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|Material Type:||Internet resource|
|Document Type:||Book, Internet Resource|
|All Authors / Contributors:||
|Description:||viii, 357 pages : illustrations ; 24 cm|
|Contents:||Introduction: A power and a pleasure --
Pt. 1: The gospel of culture and the Victorian reader --
The family house magazines and the gospel of culture --
The Victorian reader and the political economy of the magazine --
Pt. 2: The magazine revolution --
The magazine revolution of the 1890s --
"The whirlpool of real life": the popular magazine project --
Pt. 3: Dream of abundance, social control, and social justice --
The new secular religion of health --
"New worlds to conquer": the dreams of progress --
Muckraking, realism, and the dream of social justice --
Dreams of a new social order --
Appendix 1: Circulation in thousands of the leading general interest magazines from 1900 to 1913 --
Appendix 2: Topics of lead Cosmopolitan articles, 1893-1904 --
Appendix 3: Topics of lead Cosmopolitan articles, 1905-1914 --
Appendix 4: Century magazine articles, 1893-1900 --
Appendix 5: Cosmopolitan magazine articles, 1893-1900 --
Appendix 6: Contributors to Walker's Cosmopolitan.
By promoting consumer culture, these dynamic magazines galvanized the national mood. Headed by savvy, cosmopolitan editors who were equally committed to the cultural and intellectual education of their fellow Americans and the growth of mass print culture, these publications encouraged readers to expand their personal horizons to accommodate a spirit of progress. Articles on consumerism, therapeutic culture, and social welfare were juxtaposed with the exposes of the "muckrakers"--A new breed of journalists including Ida Tarbell, Lincoln Steffens, and William Allen White who investigated municipal and corporate corruption in the "Gilded Age" of Rockefeller, Carnegie, and Tammany Hall.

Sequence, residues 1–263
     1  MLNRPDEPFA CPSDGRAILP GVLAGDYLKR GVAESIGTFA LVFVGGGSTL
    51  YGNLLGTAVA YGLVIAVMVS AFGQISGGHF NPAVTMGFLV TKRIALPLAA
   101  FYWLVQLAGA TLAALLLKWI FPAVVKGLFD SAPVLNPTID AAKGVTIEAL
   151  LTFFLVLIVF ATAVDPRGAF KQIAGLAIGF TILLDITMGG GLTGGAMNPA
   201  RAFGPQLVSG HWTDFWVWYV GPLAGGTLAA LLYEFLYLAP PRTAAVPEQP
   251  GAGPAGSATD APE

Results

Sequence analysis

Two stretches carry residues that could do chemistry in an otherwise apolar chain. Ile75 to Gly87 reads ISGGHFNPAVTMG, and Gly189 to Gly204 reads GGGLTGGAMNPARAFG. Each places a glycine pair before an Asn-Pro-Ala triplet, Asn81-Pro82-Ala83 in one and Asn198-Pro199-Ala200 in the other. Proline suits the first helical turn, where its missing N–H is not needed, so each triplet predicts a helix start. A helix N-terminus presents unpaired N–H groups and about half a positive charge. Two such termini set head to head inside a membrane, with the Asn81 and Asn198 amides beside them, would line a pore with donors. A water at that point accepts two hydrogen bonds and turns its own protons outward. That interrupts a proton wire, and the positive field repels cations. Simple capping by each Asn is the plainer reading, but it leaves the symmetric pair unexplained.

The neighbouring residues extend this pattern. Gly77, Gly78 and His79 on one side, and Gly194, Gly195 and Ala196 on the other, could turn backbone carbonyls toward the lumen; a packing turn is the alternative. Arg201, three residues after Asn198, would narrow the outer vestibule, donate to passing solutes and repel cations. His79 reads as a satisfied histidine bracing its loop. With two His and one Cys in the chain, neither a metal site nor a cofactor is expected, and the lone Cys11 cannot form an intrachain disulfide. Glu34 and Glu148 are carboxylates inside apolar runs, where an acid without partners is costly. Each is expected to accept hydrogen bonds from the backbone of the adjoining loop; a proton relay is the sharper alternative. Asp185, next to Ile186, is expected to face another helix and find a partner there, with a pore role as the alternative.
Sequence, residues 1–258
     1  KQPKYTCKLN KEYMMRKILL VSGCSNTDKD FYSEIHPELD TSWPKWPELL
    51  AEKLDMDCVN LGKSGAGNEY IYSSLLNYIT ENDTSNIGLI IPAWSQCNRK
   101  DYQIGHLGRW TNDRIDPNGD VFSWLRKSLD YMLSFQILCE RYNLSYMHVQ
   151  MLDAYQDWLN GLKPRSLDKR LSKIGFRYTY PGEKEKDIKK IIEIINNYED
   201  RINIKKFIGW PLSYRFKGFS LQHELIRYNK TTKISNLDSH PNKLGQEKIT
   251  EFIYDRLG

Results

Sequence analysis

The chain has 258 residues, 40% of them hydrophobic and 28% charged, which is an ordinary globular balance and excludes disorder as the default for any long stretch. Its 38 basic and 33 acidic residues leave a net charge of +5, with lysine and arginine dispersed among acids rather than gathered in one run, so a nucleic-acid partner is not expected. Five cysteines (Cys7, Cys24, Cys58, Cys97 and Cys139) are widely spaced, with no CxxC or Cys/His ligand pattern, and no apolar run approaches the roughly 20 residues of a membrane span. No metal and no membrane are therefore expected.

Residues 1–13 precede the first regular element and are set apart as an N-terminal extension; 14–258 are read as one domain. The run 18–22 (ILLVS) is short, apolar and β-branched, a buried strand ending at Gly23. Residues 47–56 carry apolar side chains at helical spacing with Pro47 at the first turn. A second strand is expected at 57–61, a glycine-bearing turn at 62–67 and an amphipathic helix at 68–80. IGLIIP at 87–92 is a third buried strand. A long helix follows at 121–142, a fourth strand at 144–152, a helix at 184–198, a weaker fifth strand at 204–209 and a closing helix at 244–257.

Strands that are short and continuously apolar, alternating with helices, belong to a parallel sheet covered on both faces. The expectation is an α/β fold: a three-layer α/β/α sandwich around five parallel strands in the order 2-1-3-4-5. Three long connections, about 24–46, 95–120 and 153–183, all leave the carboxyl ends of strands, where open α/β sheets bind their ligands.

This vision transformed the traditional and elitist view of culture as a repository of timeless and fixed virtues to a springboard of ideas and energies directed toward achieving a cohesive, cooperative society. Engaged in the "whirlpool of real life," the popular magazines pointed to the vitality of consumerism and the industrial cities as sure signs of progress. Informative and stylish, as well as expansive in its eclectic coverage of the popular magazine, Schneirov brilliantly shows how this phenomenon tapped into a national sensibility and ran away with it. The Dream of a New Social Order is illustrated with more than twenty photographs from nineteenth and twentieth century magazines.